Those countries driving the growth in the primary source of gold are ones best place to do so in the future, the analysts assert. Gold reserves are concentrated, at around 70%, in just 10 countries and Australia and South Africa have the largest unmined reserves. Meanwhile, scrap supply is volatile and the extraction from recycled electronics costly, so scrap gold is heavily influenced by both the price of gold and economic cycles.
As the ASX gold index is now down -3% year-to-date, Bell Potter believes the best performances are being driven by company-specific catalysts among the single-mine producers and successful explorers. The broker observes, while the gold price has not cracked $1,300/oz yet, it has established a pattern of higher lows and higher highs.
With a relatively steady exchange rate the Australian-dollar gold price has followed a similar track. The broker also believes relative out-performance of equities versus gold bullion is an indicator of positive sentiment.
Meanwhile, the costs associated with gold mining have fallen globally by around 15% over the past three years. Most of the reductions have been made in operating or production costs. The biggest cost reductions have been experienced in Australia, the ANZ analysts observe, where total cash costs have declined an average -30% since 2012.
Two factors, exchange rates and oil prices, have helped drive costs down and the analysts estimate around 60% of gold mining costs are based in local currency terms and around 10–12% related to oil prices. Indonesia, South Africa, Australia and Canada appear to have been the biggest beneficiaries in this regard.
Divergence In Cash Costs
Citi has highlighted a divergence between the cash costs of US dollar-denominated and non-US dollar-denominated companies. South African gold producers, in particular, have sustained all-in cash cost hikes of 16% while those of US dollar-denominated companies declined by -2.7%. Citi expects that a strengthening South African rand will continue to put pressure on South African gold stocks as will rising capital and exploration expenditure.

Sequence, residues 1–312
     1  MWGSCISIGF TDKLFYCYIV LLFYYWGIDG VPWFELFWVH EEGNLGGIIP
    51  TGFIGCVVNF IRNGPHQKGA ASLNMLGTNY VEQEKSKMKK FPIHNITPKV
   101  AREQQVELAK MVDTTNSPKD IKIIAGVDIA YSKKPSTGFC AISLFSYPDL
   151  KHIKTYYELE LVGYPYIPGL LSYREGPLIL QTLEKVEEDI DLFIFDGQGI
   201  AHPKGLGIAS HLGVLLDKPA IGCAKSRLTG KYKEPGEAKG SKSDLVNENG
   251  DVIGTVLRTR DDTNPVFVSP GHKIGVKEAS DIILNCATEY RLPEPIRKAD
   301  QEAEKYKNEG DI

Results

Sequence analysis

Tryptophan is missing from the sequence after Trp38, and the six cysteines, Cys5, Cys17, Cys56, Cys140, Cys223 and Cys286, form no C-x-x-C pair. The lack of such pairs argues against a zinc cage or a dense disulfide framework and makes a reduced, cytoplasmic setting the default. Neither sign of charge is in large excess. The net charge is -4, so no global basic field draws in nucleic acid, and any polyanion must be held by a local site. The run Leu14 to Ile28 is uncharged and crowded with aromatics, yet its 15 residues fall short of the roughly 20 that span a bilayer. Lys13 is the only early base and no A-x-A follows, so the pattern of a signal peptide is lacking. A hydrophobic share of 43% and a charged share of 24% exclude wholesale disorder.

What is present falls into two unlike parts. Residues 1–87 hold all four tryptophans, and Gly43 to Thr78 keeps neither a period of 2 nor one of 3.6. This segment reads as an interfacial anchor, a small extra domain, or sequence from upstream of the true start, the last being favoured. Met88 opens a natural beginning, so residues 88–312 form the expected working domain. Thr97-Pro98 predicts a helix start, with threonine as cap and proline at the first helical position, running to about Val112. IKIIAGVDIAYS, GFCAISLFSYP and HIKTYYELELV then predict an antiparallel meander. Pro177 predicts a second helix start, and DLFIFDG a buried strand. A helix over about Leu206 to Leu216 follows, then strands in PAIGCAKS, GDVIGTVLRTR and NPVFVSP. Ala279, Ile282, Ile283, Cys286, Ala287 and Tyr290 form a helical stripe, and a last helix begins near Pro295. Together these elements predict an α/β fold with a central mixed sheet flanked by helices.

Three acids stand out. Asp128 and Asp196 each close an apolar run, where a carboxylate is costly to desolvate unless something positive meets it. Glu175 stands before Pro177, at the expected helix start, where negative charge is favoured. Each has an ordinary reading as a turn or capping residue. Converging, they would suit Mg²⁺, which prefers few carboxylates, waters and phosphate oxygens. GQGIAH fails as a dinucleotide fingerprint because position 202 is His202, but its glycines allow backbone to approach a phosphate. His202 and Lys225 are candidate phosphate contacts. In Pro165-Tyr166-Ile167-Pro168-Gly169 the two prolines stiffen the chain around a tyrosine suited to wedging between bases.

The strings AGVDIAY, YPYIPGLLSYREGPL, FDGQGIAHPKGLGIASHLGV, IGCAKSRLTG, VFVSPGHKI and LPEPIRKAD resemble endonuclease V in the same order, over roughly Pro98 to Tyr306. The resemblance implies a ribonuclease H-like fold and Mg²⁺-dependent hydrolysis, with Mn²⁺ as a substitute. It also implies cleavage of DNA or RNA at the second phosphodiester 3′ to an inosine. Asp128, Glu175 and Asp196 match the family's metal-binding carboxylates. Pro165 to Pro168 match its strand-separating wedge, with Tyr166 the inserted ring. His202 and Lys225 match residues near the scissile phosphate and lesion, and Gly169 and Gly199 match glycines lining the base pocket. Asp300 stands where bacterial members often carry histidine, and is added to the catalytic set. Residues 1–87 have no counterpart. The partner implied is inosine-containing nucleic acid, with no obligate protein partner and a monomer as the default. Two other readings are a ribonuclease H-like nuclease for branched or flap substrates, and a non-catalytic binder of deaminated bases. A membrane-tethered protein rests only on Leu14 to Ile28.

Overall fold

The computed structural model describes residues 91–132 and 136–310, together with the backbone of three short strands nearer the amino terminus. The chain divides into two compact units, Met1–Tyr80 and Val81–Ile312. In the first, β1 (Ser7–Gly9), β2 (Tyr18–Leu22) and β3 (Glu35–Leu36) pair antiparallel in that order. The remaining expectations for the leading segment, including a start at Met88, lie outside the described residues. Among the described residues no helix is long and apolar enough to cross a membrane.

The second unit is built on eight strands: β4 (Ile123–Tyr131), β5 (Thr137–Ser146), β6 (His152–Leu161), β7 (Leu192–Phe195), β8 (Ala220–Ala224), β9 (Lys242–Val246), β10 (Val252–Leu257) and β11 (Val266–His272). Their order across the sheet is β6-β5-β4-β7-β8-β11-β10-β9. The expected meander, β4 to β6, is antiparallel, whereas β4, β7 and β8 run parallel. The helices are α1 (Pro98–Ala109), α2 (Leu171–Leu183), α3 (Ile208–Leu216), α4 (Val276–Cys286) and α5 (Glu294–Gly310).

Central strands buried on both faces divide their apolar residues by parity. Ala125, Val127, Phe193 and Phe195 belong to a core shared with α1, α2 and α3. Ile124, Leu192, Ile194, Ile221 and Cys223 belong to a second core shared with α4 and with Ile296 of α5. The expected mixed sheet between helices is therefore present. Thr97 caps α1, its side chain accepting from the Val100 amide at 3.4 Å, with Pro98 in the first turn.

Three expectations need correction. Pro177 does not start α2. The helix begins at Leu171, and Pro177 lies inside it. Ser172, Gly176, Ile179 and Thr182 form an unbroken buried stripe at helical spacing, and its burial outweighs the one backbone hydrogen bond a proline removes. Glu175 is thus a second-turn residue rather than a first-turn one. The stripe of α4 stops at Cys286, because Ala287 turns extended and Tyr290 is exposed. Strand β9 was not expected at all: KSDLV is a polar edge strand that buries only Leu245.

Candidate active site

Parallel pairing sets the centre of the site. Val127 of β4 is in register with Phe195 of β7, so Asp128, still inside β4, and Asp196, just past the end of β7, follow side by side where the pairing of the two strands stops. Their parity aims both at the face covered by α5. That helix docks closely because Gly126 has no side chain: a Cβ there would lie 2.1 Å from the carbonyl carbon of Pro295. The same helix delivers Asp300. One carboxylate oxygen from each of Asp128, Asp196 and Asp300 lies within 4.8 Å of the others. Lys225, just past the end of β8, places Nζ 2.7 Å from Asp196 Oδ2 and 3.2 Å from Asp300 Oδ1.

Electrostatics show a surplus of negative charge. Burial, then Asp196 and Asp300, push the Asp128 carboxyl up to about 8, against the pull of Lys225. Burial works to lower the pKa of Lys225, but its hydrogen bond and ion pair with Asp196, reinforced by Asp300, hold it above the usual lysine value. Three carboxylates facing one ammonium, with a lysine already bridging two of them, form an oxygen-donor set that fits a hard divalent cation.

The broker expects costs in the industry to rise this year as years of under-investment unwind, especially if a stable, or higher, gold price prevails. Citi believes consensus expectations do not appropriately reflect the rising costs and maintains a bearish view on the sector, particularly South African gold stocks.
Based on recent changes to the underlying MVIS Junior Gold Miners index and significant changes to the GDXJ methodology in the US, Macquarie expects the main impact will be on North America markets. Yet, key beneficiaries in the Australian context are Newcrest Mining, Evolution Mining, Northern Star and OceanaGold.
These stocks have been are seen returning to the index as the eligibility band is widened. Smaller stocks are expected to suffer as a result of the re-balance. Macquarie believes investors should keep buying quality in good jurisdictions where there are cornerstone assets.